Testing PreussenElektra?

Oct 22 2013 Published by under European and German energy law

FAZ reports that Commissioner Almunia has plans to sue Germany, because he thinks that the very successful FIT system is somehow incompatible with European Union subsidy rules. The article, written by one enemy of renewable energy called “Hendrik Kafsak”, doesn’t mention it, but actually this question has been decided in 2001 by the European Court of Justice in the PreussenElektra case.

As the Court noted at the time:

56 In the light of the above, the first question referred should be understood as asking, essentially, whether legislation of a Member State which, first, requires private electricity supply undertakings to purchase electricity produced in their area of supply from renewable energy sources at minimum prices higher than the real economic value of that type of electricity, and, second, allocates the financial burden arising from that obligation amongst those electricity supply undertakings and upstream private electricity network operators, constitutes State aid within the meaning of Article 92(1) of the Treaty.

57 It should be recalled in that respect that Article 92(1) of the Treaty provides that any aid granted by a Member State or through State resources in any form whatsoever which distorts or threatens to distort competition by favouring certain undertakings or the production of certain goods is, in so far as it affects trade between Member States, incompatible with the common market.

58 In that connection, the case-law of the Court of Justice shows that only advantages granted directly or indirectly through State resources are to be considered aid within the meaning of Article 92(1). The distinction made in that provision between aid granted by a Member State and aid granted through State resources does not signify that all advantages granted by a State, whether financed through State resources or not, constitute aid but is intended merely to bring within that definition both advantages which are granted directly by the State and those granted by a public or private body designated or established by the State (see Case 82/77 Van Tiggele [1978] ECR 25, paragraphs 24 and 25; Sloman Neptun, paragraph 19; Case C-189/91 Kirsammer-Hack [1993] ECR I-6185, paragraph 16; Joined Cases C-52/97, C-53/97 and C-54/97 Viscido [1998] ECR I-2629, paragraph 13; Case C-200/97 Ecotrade [1998] ECR I-7907, paragraph 35; Case C-295/97 Piaggio [1999] ECR I-3735, paragraph 35).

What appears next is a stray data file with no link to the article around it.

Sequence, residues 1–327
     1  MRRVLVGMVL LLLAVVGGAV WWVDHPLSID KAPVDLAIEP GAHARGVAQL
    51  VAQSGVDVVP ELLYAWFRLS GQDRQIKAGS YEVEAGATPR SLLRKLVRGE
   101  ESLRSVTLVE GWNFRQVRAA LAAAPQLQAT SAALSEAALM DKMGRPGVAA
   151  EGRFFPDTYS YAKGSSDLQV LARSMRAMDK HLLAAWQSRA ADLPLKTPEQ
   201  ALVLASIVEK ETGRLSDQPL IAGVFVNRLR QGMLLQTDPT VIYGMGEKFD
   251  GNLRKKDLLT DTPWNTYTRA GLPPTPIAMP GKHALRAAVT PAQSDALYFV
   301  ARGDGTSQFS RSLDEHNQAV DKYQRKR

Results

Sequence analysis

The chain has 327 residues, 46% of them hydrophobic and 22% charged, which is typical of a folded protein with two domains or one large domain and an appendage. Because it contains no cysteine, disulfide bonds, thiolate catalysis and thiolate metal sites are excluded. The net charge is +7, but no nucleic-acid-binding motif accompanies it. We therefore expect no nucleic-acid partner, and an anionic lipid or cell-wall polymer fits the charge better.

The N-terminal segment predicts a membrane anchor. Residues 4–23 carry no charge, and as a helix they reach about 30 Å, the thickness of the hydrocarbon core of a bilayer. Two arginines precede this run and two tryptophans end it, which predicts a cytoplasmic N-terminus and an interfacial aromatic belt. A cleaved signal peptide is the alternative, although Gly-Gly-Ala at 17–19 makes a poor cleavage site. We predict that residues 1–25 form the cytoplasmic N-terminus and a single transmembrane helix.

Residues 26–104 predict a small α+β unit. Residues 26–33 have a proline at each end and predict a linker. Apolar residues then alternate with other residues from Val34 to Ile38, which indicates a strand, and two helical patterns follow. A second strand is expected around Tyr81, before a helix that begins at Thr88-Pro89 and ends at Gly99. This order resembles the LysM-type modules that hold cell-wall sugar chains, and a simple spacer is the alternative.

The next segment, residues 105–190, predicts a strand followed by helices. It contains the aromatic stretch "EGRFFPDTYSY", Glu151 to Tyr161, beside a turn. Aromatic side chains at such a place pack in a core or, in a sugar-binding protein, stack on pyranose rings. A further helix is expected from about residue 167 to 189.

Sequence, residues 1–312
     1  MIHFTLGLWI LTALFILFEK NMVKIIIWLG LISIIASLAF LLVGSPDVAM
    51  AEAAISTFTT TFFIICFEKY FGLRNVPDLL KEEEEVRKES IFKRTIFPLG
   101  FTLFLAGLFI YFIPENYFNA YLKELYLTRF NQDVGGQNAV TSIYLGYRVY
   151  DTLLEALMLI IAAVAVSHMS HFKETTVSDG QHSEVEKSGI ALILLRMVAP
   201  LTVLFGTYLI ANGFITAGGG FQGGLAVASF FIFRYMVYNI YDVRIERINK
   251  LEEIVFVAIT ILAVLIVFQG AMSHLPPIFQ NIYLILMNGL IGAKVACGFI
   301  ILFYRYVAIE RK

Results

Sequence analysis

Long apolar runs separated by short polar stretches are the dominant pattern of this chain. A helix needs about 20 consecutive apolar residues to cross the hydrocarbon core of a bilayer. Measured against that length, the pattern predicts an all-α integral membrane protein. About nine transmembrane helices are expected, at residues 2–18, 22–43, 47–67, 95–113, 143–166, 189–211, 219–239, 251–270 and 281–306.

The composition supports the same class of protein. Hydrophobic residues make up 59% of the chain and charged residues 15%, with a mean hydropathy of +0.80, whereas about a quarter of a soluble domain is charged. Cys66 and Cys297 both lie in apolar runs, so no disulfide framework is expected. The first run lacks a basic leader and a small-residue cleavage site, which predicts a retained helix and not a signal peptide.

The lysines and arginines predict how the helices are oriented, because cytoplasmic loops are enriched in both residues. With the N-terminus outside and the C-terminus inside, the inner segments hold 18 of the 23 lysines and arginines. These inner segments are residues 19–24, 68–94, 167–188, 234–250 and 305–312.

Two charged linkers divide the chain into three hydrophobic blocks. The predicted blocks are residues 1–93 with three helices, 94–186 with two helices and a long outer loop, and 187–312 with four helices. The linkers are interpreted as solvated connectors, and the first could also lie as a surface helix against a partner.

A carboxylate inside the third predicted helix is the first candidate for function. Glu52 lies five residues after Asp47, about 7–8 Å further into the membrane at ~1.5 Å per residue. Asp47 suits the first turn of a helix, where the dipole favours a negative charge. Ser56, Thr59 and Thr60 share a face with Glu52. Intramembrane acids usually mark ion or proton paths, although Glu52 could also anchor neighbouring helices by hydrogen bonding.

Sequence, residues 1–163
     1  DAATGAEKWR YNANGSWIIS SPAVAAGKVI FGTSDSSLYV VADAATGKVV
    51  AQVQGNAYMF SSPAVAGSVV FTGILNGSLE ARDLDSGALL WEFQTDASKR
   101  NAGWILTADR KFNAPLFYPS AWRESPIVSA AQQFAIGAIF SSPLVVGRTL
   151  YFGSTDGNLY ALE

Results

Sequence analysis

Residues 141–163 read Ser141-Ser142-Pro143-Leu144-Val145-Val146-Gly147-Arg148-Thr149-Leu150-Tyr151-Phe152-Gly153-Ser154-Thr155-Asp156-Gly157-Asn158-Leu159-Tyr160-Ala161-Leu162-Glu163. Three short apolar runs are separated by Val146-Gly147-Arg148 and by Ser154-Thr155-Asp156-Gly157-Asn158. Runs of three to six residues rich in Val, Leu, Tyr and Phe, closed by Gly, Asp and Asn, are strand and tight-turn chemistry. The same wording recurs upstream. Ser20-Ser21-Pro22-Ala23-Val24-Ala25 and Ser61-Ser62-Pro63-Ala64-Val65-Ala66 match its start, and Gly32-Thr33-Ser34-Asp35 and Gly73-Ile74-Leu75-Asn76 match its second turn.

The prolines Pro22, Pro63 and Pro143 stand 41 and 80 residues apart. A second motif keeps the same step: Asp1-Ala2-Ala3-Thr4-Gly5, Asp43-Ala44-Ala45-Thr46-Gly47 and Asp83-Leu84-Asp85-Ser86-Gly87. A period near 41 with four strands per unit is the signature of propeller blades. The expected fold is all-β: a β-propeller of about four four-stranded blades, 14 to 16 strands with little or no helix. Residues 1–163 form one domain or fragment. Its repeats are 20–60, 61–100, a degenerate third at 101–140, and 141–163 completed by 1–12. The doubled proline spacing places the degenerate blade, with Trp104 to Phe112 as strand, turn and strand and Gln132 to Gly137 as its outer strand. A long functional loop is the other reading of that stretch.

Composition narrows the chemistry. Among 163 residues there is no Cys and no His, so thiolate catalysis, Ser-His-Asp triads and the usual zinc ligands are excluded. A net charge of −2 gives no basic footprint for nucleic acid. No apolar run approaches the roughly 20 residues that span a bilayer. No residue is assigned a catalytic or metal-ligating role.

59 In this case, the obligation imposed on private electricity supply undertakings to purchase electricity produced from renewable energy sources at fixed minimum prices does not involve any direct or indirect transfer of State resources to undertakings which produce that type of electricity.

60 Therefore, the allocation of the financial burden arising from that obligation for those private electricity supply undertakings as between them and other private undertakings cannot constitute a direct or indirect transfer of State resources either.

61 In those circumstances, the fact that the purchase obligation is imposed by statute and confers an undeniable advantage on certain undertakings is not capable of conferring upon it the character of State aid within the meaning of Article 92(1) of the Treaty.

There is another case before the Court of Justice where the French feed-in tariff is questioned as a possible subsidy. In Case C-2012/12 the Advocate General says that subsidy rules apply to the French system on July 11 of this year. Maybe Almunia feels encouraged by that to try litigating this point again.

We will have to wait and see. I recall that SPIEGEL (another enemy of renewable energy) hoped for the Commission to sue Germany in July this year, and such hopes failed to materialize. It will be interesting to see what will happen this time around.

I for one am firmly opposed to any attempt of the European Union to meddle in the renewable energy policy of the Member States. We finally succeeded in kicking out the FDP out of the German Parliament in the last election. Should this victory become meaningless because the European Union suddenly gets to decide about these issues?

Trying this kind of power grab is not compatible with basic values of democracy. It is also stupid policy. The feed-in tariff has proven to be wildly successful. The last thing we need is European Union Commissioners trying to put the brakes on this success.

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